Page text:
CONCLUSIONS are statements of closure about issues relevant to the Field Study. They are developed entirely from FINDINGS and are supported at all levels by the FACTS. They are the “Q’s” in the logical expression “P implies Q” and in order to be true, the “P’s” have to be true. Therefore, the entire process of developing conclusion is based on the fact that the FINDINGS have been developed carefully from the facts.
CONCLUSIONS are drawn in team meetings led by the team captain and should be devoted ONLY to the development of the conclusions. The CONCLUSIONS form the basis for the RECOMMENDATIONS to follow.
There is a strong similarity in drawing conclusions to developing findings. As with the findings, a “flip chart” is used along with a copy of the confirmation letter written to the client articulating the issues to be addressed.
The Wheaton Medical Clinic team focused on each issue articulated in the confirmation letter separately on different pages of the flip chart. The issues for the Wheaton Medical Clinic were as follows:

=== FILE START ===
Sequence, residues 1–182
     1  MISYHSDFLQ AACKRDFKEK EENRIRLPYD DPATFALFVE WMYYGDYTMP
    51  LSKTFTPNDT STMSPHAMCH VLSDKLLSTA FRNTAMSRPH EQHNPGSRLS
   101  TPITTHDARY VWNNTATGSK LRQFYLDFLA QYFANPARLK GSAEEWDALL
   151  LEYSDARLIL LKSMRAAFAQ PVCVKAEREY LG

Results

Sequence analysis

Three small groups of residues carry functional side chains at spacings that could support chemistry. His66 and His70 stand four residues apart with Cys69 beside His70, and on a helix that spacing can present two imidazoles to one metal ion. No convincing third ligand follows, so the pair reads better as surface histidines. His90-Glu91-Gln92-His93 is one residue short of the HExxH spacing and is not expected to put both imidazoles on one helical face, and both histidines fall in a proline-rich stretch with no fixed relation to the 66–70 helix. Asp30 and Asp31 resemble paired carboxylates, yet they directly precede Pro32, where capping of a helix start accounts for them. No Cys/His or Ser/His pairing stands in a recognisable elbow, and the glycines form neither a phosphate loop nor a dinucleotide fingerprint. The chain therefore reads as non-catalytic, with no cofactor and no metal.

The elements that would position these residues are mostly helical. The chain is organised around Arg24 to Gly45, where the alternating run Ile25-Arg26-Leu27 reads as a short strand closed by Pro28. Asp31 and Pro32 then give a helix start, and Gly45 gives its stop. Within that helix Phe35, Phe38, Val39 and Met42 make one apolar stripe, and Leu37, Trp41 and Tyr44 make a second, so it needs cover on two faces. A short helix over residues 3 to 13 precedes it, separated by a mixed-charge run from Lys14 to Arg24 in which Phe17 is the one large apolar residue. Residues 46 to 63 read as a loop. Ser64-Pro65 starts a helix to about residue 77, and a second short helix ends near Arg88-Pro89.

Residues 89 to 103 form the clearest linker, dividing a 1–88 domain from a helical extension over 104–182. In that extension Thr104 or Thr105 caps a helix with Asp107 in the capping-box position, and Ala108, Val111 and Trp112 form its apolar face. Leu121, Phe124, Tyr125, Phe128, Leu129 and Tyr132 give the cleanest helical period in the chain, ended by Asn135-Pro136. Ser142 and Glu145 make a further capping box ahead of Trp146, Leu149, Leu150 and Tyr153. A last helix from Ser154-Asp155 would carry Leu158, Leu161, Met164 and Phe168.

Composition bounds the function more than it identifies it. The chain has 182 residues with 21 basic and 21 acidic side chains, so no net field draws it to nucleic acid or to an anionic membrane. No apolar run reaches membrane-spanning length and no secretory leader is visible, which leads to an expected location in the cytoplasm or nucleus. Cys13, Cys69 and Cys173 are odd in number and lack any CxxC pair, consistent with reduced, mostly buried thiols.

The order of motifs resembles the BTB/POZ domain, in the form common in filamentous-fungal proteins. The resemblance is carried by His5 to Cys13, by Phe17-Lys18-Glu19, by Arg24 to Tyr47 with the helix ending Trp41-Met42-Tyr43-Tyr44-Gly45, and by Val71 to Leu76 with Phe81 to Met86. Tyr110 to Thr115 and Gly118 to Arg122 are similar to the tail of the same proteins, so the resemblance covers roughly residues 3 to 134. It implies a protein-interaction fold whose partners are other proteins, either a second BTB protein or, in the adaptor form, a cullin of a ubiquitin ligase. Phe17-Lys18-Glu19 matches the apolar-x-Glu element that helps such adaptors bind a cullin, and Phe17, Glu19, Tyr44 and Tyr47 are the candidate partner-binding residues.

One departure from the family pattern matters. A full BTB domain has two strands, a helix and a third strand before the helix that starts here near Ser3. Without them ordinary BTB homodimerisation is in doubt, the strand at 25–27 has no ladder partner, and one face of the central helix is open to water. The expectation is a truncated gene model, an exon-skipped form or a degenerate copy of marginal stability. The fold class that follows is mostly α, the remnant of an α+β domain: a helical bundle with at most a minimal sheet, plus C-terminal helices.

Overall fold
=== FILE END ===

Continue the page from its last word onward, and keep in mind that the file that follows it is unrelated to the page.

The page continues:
What do patients of the Wheaton Medical Clinic think about the current quality of medical care provided by the clinic?
What do patients of the Wheaton Medical Clinic think about the range of facilities and practices offered by the clinic?
What do patients think about ideas of enhancement of services at the clinic – specifically those services relating to the logistics of a visit to the clinic (waiting room, scheduling, phone service, and the like?)
What are some of the creative ideas that patients of the clinic have to improve the quality of services offered by the clinic to the community it serves?
Conclusions are crisp and to the point.
The following example of a conclusion from the Wheaton Medical Clinic case study demonstrates ‘closure’ to the issue of “What do patients of the Wheaton Medical Clinic think about the current quality of service provided by the clinic?” This conclusion is supported entirely by the findings and is shown in the image below.
In pages showing conclusions, the dot points can be findings that support that conclusion.
As with the findings, the conclusions that are drawn and for which the sentences and supporting dot points written form the conclusion chapter of the final report; and as with the findings chapter, a summary of the conclusions is written on one page.
When the team felt that their conclusions had been reached successfully and were supported by the findings and facts, they proceeded to writing their recommendations based on their conclusions.